Results 21 to 25 of 78
May 8th, 2013 04:35 AM #21
I seriously do not understand what's pretentious about naming your child after a character from your favourite book/author? It can sound stupid because you associate the name with the book (Katniss, Heathcliff, Huckleberry, Albus), sure, but what's pretentious about it? I know how much my favourite book/author means to me, and it would mean even more to me to name my child after one of its characters/the author. Is that pretentious? If you haven't read the book and you name your kid Atticus (after the character in TKAM, not just because you like the name), I can see how it's pretentious. However, Atticus Finch is one of literatures most inspirational characters, so I totally understand why people name their sons after him.Exporting old Danish names as well as Greenlandic names and sibling names
Henry Ásgeirr Edmund • Alexander Adelin Lórien "Sasha" • Amaury Charles Theo • Asa Fionnbharr Ivik
Cosima Ingrid Zenobia "Mimi" • Matilda Ivalo Galadriel "Maz" • Asta Catherine Françoise • Aviaaja Margaret Undómiel "Avi"
GPs: Atticus Aksel Inigo • Cosmo James Ilasiaq "Jem" • Fabiola Agnes Lúthien • Olga Alvaret Cleopatra "Gini"
May 8th, 2013 11:47 AM #23Senior Member
- Join Date
- Jun 2010
@shvibziks I don't think there's anything pretentious about naming your child after a book that you LOVE- really, truly love. But how is it possible that so many people's favorite characters or favorite books are TKAM and Catcher in the Rye? With the entirety of literature, THOSE are the two everyone on earth seems to love. And I think there's a big difference between Atticus/Holden/Keats and Lee/Ray/Juliet (As in Harper, Bradbury, and Romeo &.) With the latter, the names pay homage to the books/authors, but they're common enough that they aren't exclusively associated with those authors.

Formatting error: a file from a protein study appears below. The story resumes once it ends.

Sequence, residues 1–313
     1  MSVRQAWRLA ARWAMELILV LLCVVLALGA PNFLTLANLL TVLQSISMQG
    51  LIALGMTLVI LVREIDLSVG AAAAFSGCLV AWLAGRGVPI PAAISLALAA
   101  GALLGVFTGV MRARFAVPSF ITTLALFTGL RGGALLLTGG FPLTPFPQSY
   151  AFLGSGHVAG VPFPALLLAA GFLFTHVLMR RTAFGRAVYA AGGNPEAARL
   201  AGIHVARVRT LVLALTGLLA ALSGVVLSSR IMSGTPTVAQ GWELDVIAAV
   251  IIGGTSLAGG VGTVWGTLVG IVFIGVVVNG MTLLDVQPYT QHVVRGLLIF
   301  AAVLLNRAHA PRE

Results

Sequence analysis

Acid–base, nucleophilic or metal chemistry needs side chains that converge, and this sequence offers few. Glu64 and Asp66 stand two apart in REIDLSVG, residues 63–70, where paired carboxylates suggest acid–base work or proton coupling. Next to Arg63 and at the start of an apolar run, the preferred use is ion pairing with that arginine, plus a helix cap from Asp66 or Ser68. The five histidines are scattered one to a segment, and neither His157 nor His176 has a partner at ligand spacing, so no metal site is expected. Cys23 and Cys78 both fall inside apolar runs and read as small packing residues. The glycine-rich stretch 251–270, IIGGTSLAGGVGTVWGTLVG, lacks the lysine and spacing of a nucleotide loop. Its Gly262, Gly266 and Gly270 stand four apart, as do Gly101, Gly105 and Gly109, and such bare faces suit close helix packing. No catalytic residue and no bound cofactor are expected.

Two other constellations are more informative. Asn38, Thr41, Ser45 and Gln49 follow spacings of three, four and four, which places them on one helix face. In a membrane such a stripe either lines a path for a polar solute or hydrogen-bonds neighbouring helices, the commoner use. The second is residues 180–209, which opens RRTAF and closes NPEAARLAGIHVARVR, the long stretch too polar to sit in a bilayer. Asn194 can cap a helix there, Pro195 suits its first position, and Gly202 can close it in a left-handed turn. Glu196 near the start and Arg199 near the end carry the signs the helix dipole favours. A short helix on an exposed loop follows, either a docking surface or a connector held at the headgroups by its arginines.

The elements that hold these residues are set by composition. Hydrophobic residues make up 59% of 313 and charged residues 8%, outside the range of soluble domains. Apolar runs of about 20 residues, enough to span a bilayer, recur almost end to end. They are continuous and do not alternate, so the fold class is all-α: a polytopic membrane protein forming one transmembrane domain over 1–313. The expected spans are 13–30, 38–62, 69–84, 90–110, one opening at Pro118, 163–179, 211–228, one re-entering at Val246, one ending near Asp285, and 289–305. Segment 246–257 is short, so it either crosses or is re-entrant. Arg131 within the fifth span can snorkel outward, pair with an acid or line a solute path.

You can name your children exclusively Shakespearean names and not come off as pretentious- a sibset of Adam, Michael, Oliver, Helena, Beatrice, and Celia doesn't seem at all pretentious, but Romeo seems to get really, really close to over the line and Macbeth stampedes right over it. Now, I don't see many parents considering Macbeth, but it's the best example for Shakespeare. It's the difference between Hugo and Eponine- Hugo is a sweet and subtle tribute to a great author, Eponine is advertising the fact that you've never read the book (if you had, you'd know that it was invented to be a "trashy" name, and Hugo says so in the book.)
As I said, I think a lot of these names are really great names on their own- if I had an Auden or Keats in my family tree, I'd use it in a heartbeat. But I pause at using them because the authors aren't THAT special to me- I like them enough, I love books and poetry, but I haven't read them hundreds of times like I have with some of my favorite, less-awesomely named authors Bradbury and Silverstein. I still read Auden, but I don't even particularly like Keats. I just can't justify how pretentious and elitist it would feel to actually use those names.